José de la Cruz Porfirio Díaz Mori, better known as Porfirio Díaz is an outstanding personage in Mexican history because of all the controversy that he caused during his lifetime. He was a war volunteer who became a French Intervention hero, loyal to Benito Juarez. After refusing many offers from theImperial Forces and Emperor Maximilian to stop the war in a peaceful way, he went on to win the final battle in Puebla. Between 1871 and 1876, Porfirio led various revolts against the Mexican Government because he did not agree with the administration; but it was not until May 12, 1877 that he was officially elected president of Mexico. The period in which Porfirio Diaz ran the country is called“Porfiriato” or “Porfirismo” and it comprehends from 1877 to 1911; because of this, many historians consider him a Dictator (Krauze & Zerón Medina, 1993). It is believed that he stabilized the economical and political system after all the problems caused by the War of Independence and foreign invasions.
It is rather difficult to understand how the society reacted after Diaz became the presidentbecause his main supporters, turned against him in the end. It is believed that the difference between social classes was really accentuated during his government: the top of the society was occupied by a very small group of politicians, Creole capitalists and foreigners that agreed with Porfirio’s policies. They owned factories, commercial houses and financial business. The middle class was formedby retailers, professors, journalists and bureaucrats; although it seems that they helped in the political and economical transformation that the country needed, years after some of them started revolts against the “Porfirismo” (Cosío Villegas, Historia Moderna de México. El Porfiriato vida social", 1972). The worker class lived oppressed and in miserable conditions all these years; therefore itis understandable that they supported the middle class when they started the revolts.
During the “Porfiriato” great economical transformations caused by foreign inversions took place in Mexico. It appears that foreign commerce had a great impact on it; by the end of the 19th century Mexico exported all kind of raw materials, mainly minerals. Díaz used the tariff as a political instrument; bymeans of that he substituted some importation supplies such as manufactures destined for the urban consume. This set Mexico as one of the most protectionist countries of the world. According to the National Economical Registers from 1874-1910, the incomes of exportations increased from 27.5 million up to 146 million dollars (Cosío Villegas, Historia Moderna de México. El Porfiriato vida social, 1972).However the main consequence of the Foreign Commerce Policies was that small Mexican factories that supplied manufactures, could not value their products higher than the imported ones; therefore, that sector’s economic development was thwarted.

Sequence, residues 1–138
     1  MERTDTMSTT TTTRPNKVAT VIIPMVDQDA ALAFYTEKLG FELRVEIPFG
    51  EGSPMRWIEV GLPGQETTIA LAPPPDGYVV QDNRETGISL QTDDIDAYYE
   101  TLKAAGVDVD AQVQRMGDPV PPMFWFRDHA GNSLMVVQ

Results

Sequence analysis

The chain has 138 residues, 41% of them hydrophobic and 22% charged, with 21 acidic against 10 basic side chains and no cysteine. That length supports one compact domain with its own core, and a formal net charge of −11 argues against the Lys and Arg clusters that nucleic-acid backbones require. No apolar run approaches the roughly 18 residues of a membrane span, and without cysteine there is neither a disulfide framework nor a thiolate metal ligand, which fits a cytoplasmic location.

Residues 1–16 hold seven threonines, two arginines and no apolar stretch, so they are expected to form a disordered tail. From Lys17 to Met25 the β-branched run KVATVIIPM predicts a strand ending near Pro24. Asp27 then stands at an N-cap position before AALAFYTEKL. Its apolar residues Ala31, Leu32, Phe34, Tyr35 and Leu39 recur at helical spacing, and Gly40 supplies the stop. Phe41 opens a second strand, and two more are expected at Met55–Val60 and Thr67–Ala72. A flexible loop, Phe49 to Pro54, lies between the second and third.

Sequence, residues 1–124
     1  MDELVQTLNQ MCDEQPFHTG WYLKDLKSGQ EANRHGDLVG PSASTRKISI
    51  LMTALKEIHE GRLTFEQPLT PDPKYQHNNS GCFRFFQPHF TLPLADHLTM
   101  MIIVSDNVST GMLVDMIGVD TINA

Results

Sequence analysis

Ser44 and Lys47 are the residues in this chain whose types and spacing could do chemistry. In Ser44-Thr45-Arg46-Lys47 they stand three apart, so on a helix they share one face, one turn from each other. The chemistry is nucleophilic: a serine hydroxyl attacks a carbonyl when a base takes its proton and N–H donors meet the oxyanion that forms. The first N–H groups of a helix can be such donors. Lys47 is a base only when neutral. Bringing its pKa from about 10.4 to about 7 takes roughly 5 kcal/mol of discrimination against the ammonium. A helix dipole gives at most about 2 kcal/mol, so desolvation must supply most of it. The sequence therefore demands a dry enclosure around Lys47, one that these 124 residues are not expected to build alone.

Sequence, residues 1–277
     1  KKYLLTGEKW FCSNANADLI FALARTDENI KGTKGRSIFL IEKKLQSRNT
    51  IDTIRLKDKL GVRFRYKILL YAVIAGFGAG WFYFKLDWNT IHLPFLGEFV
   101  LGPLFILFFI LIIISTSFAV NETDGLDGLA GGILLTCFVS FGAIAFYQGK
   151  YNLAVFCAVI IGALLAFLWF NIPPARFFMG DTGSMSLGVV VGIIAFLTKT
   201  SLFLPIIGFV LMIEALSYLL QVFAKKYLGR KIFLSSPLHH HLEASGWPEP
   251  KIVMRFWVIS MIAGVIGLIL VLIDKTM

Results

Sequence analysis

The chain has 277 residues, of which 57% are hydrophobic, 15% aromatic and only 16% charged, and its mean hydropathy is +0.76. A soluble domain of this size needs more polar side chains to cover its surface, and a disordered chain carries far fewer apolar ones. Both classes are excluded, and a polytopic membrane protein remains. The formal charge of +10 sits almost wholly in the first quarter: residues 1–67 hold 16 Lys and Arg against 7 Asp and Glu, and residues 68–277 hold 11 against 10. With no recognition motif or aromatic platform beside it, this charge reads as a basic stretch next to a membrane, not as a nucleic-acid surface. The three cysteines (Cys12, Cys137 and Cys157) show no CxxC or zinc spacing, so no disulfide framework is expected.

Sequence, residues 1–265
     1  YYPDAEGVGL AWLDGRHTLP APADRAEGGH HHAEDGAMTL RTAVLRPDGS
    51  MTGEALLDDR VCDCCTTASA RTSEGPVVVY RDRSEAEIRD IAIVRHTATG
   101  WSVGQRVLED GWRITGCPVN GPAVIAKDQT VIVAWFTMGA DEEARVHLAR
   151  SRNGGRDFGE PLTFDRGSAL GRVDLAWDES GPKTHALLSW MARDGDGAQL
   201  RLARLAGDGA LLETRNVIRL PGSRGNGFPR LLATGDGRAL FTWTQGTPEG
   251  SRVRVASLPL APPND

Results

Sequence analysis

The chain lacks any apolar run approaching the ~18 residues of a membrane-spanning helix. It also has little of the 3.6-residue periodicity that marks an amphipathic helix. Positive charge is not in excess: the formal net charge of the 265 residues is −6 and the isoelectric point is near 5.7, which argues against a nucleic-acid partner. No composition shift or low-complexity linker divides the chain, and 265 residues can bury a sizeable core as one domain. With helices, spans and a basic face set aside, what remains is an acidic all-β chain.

Another aspect that should be taken in count when we talk about economical changes is the implementation of plenty of services such as the railroad,telephone, telegraph and electricity. These services were improved with capital of foreign investors: the length of railroads was increased from 416 miles up to 15,360 miles distributed principally in the center of the country (ITAM, 1990); the president believed that it was important to improve the transportation methods and make them safer.
As a result of the industrialization process, thetelegraph was introduced in 1877; the Morse code was considered useful because it simplified the communication between people in different places and the spread of information. It became much easier to communicate when the telephone, invented in 1876 by Alexander Graham Bell, arrived to Mexico; the first years it was only used by the government and the army. By 1893 the first private telephone lines...